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Thu Dec 5, 2019, 10:02 AM

Five Common Misconceptions About the Electoral College

Defenders of the Electoral College argue that it was created to combat majority tyranny and support federalism, and that it continues to serve those purposes. This stance depends on a profound misunderstanding of the history of the institution.

November 29, 2019
G. Alan Tarr
Board of Governors Professor at Rutgers University-Camden

Two of the nation’s last three presidents won the presidency in the Electoral College, even though they lost the popular vote nationwide. In 2000, Al Gore outpolled George W. Bush by more than 540,000 votes but lost in the Electoral College, 271–266. Sixteen years later, Hillary Clinton tallied almost 3 million more votes than Donald Trump but lost decisively in the Electoral College, 306–232. And, as a recent New York Times poll suggested, the 2020 election could very well again deliver the presidency to the loser of the popular vote.

Despite this, defenders of the Electoral College argue that it was created to combat majority tyranny and support federalism, and that it continues to serve those purposes. For example, Representative Dan Crenshaw of Texas, responding to Representative Alexandria Ocasio-Cortez’s recent criticism of the Electoral College, tweeted that “we live in a republic, which means 51% of the population doesn’t get to boss around the other 49%,” and that the Electoral College “promotes more equal regional representation and protects the interests of sparsely populated states.”

But arguments like these are flawed, misunderstanding the pertinent history. Below, I identify five common mistakes made in arguing for the preservation of the Electoral College.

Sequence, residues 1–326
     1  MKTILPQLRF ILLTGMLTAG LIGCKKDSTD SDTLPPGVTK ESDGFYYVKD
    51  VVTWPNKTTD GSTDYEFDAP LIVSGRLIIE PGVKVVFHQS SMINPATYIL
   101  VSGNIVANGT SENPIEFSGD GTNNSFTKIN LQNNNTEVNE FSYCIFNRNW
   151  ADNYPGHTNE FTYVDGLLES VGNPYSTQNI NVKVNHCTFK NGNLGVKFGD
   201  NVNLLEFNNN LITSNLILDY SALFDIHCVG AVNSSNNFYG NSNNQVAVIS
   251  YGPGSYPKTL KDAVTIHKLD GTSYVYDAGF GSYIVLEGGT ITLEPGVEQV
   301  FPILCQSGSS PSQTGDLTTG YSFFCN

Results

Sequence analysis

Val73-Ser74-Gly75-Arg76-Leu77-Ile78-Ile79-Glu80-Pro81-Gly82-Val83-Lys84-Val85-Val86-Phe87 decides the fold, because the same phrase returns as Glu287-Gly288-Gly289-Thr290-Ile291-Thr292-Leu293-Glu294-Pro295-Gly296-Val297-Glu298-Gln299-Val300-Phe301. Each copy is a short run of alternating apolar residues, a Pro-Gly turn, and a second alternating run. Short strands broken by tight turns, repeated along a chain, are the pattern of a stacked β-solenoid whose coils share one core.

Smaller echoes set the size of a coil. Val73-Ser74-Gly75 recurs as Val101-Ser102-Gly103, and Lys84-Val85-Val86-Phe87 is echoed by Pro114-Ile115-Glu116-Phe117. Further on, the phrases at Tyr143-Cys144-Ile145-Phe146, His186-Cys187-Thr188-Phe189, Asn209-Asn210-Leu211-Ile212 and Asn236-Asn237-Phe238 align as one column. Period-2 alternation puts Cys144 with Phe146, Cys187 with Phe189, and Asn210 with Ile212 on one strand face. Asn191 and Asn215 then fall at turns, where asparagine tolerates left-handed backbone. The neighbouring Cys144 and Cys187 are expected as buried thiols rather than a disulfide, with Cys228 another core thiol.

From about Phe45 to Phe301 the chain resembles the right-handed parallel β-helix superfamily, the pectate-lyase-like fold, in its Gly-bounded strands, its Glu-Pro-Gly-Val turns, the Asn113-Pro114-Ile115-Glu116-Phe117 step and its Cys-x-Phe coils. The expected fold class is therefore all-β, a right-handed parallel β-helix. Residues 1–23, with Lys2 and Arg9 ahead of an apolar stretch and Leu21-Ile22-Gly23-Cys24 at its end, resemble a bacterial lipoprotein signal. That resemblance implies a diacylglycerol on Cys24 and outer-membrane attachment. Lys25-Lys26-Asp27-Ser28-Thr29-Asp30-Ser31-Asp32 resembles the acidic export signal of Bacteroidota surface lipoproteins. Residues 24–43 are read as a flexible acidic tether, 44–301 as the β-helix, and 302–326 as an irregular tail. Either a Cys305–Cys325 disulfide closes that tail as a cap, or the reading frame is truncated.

https://www.theatlantic.com/ideas/archive/2019/11/five-common-misconceptions-about-electoral-college/602596/?utm_source=pocket-newtab

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Reply Five Common Misconceptions About the Electoral College (Original post)
turbinetree Dec 5 OP
dalton99a Dec 5 #1
turbinetree Dec 5 #2
BigOleDummy Dec 5 #3
turbinetree Dec 5 #4
Midnightwalk Dec 5 #5

Response to turbinetree (Original post)

Thu Dec 5, 2019, 10:08 AM

1. It is the Achilles' heel of the Constitution which is being exploited to perpetuate minority rule

The Electoral College and two-senator-per-state rule


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Response to dalton99a (Reply #1)

Thu Dec 5, 2019, 10:10 AM

2. Agreed....... and when Crenshaw made his remarks...........................to AOC...................

it just proves that he doe not not believe in majority rule..................

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Response to turbinetree (Original post)

Thu Dec 5, 2019, 11:10 AM

3. Beat me to it and I'm glad

This needs to be read as soon as possible and by as many as possible. ESPECIALLY those of us with a leftist political view to counter these asshat repukelicans "arguments". Thank you for posting

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Response to BigOleDummy (Reply #3)

Thu Dec 5, 2019, 11:14 AM

4. Your welcome........................

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Response to turbinetree (Original post)

Thu Dec 5, 2019, 11:17 AM

5. The majority tyranny argument is bs

Asserting that 51% shouldn’t be able to boss around 49% but ignoring that 49% is bossing around 51% is intellectually dishonest.

I think the percentages are worse than that and will get worse. The divide in the country is urban rural not regional.

If the major divide in the country was regional then someone might put together an argument for how a regional system protects minority rights. The senate is set up that way but I don’t agree that works well now and maybe never did.

The presidency is a single office so it is inherently winner take all. The electoral college doesn’t protect minority rights, it gives us the tyranny of the minority.

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